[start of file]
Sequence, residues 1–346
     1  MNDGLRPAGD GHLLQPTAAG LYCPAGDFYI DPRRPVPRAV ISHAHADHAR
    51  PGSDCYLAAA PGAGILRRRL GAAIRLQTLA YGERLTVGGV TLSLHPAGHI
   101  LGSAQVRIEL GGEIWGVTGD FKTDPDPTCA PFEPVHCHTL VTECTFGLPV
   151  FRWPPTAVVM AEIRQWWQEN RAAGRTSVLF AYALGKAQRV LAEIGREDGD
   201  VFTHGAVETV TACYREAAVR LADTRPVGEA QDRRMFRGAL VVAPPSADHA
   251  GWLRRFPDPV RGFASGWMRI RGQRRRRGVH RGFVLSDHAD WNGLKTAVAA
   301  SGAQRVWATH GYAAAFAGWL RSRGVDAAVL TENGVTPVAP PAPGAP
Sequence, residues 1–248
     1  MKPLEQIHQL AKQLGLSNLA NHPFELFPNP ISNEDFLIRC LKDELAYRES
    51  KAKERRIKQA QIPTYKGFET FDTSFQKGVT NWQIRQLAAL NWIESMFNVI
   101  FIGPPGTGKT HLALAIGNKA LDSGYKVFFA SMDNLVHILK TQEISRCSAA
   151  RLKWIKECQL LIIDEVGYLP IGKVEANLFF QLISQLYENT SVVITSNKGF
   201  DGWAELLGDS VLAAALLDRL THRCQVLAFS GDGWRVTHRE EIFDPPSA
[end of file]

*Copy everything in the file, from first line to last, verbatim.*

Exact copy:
Sequence, residues 1–346
     1  MNDGLRPAGD GHLLQPTAAG LYCPAGDFYI DPRRPVPRAV ISHAHADHAR
    51  PGSDCYLAAA PGAGILRRRL GAAIRLQTLA YGERLTVGGV TLSLHPAGHI
   101  LGSAQVRIEL GGEIWGVTGD FKTDPDPTCA PFEPVHCHTL VTECTFGLPV
   151  FRWPPTAVVM AEIRQWWQEN RAAGRTSVLF AYALGKAQRV LAEIGREDGD
   201  VFTHGAVETV TACYREAAVR LADTRPVGEA QDRRMFRGAL VVAPPSADHA
   251  GWLRRFPDPV RGFASGWMRI RGQRRRRGVH RGFVLSDHAD WNGLKTAVAA
   301  SGAQRVWATH GYAAAFAGWL RSRGVDAAVL TENGVTPVAP PAPGAP
Sequence, residues 1–248
     1  MKPLEQIHQL AKQLGLSNLA NHPFELFPNP ISNEDFLIRC LKDELAYRES
    51  KAKERRIKQA QIPTYKGFET FDTSFQKGVT NWQIRQLAAL NWIESMFNVI
   101  FIGPPGTGKT HLALAIGNKA LDSGYKVFFA SMDNLVHILK TQEISRCSAA
   151  RLKWIKECQL LIIDEVGYLP IGKVEANLFF QLISQLYENT SVVITSNKGF
   201  DGWAELLGDS VLAAALLDRL THRCQVLAFS GDGWRVTHRE EIFDPPSA